For the Vernon School District, extra money means more resources for students.
In September, trustees approved the use of some funds that had become available as a result of the Ministry of Education’s redirecting administrative savings to school districts.
“There was some discussion about how to get these resources in front of kids,” said superintendent Joe Rogers.
“Over the past few weeks, I have met with school administrators and district staff to discuss pressures created through enrolment increase, including newly arrived students with special needs.”
Enrolment pressures have meant the addition of a new primary division at Kidston Elementary.
“We had no room at either Hillview and Coldstream for any Grade 3 child and very little room for any Grade 2 children, and I really want to thank the Kidston staff and especially the principal Debbie (Cullum),” said Rogers.
“It’s very difficult at this time of year to add a division, but she did a fantastic job of taking groups of kids so that they would be with their friends and move them into the new division, with all the class sizes in primary now smaller teachers can give more individual attention.”
Extra funding has meant a number of changes to instruction, including the addition of speech-language pathologist time at both Cherryville and Silver Star.
Some school-based resource teacher time has been added to VLearn, which now has 82 elementary students enrolled, some with learning needs.
Rogers said many schools had also requested more education assistant time, so EA hours have been increased at Hillview, Okanagan Landing, Silver Star, Mission Hill, BX, Coldstream, Ellison, Harwood and Charles Bloom.
There has also been an increase of five hours per week for occupational therapists to work with the school-based resource teachers.
“We’re talking about how to work well with kids with autism and one of the things is to make sure they have the right physical therapy so they can learn to self-regulate,” said Rogers.
Also added is in-service training for teachers: CPI, which is non-violent crisis intervention training, and the Provincial Outreach Program for Autism and Related Disorders (POPARD) training, a one-week course for teachers who work with children with autism.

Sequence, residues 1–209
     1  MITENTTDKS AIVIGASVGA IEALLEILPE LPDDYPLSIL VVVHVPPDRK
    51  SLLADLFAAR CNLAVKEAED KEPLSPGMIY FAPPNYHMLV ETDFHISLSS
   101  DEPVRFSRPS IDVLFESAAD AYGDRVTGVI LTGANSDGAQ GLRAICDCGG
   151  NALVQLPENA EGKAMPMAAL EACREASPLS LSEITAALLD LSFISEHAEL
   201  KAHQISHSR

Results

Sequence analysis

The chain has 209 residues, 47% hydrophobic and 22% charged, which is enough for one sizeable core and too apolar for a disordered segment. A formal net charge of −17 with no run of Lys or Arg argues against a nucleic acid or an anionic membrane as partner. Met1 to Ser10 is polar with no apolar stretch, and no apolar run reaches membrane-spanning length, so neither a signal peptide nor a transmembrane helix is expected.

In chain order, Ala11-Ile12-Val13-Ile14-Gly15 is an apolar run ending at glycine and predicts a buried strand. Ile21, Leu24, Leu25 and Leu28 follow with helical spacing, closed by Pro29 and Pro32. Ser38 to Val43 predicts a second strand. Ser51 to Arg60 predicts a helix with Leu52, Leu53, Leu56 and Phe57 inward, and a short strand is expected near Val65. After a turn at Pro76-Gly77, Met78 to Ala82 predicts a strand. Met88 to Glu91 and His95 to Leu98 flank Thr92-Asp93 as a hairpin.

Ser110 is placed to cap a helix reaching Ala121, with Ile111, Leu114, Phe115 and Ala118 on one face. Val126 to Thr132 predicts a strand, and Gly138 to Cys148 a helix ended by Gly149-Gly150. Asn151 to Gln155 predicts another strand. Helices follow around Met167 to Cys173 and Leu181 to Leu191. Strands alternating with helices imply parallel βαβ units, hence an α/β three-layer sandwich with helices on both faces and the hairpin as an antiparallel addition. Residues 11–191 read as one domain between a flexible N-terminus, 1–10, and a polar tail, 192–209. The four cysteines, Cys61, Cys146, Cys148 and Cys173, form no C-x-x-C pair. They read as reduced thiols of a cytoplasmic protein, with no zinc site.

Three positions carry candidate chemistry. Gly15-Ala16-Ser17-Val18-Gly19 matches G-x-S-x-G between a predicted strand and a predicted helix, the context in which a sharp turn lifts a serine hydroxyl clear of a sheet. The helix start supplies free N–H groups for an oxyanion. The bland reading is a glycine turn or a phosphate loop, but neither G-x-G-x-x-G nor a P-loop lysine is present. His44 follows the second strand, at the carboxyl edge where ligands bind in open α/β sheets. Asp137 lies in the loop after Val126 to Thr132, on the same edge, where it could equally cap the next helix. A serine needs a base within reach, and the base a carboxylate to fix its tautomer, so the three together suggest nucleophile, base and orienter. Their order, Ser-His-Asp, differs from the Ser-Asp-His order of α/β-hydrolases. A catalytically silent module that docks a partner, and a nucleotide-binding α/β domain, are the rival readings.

“Some of the things a lot of principals said is the district is fantastic at giving us more resources but we need time to talk, so you can give us a behaviour teacher but they don’t always have time to meet with the Grade 6/7 teacher to talk about kids that need support, so this will bring in TOCs to be able to free up teachers to work with the district specialists so they can provide the best service to kids,” said Rogers.
With the new B.C. curriculum integrating aboriginal history, culture and perspectives, $7,500 in funding is going towards providing Story of our Ways resources for every school, in partnership with the district’s aboriginal department.
“In our strategic plan we talked about understanding aboriginal ways of knowing and learning, but there are not that many reading resources for the little guys so this is levelled text for beginning readers,” said Rogers.
Ongoing funding of $5,000 goes towards counselling services. The district works with Axis Intervention to provide after-school counselling for kids with drug and alcohol issues.
“That’s more of a stipend — it costs much more than that — but the organization is a fantastic support to the school district,” said Rogers.
The district also receives an annual Learning Improvement Fund grant from the ministry, for increasing EAs and teacher time in school.
“We added $100,000 back in and we have a little bit left for the second semester to look at any second semester pressures,” said Rogers.
With $100,000 the average cost for a full-time equivalent teacher for one full year, the district has provided extra literacy support at J.W. Inglis, Hillview and Bloom; counselling at Lavington and Beairsto, a Connections block at Kalamalka and a support block at Seaton.
“We think we are up 39 kids this year but we’re also up in identified special needs kids; we’ll get over $300,000 in enrolment increase and another couple hundred thousand dollars in special ed. It’s important that when we get those numbers confirmed that we put the services in to those special ed kids,” said Rogers.
“Overall it’s great news, you can see that we’re putting a lot more resources in the schools to support children and to provide more staffing. It’s an excellent way to start the school year instead of saying we’re cutting, we’re adding back in and finding ways to support kids.”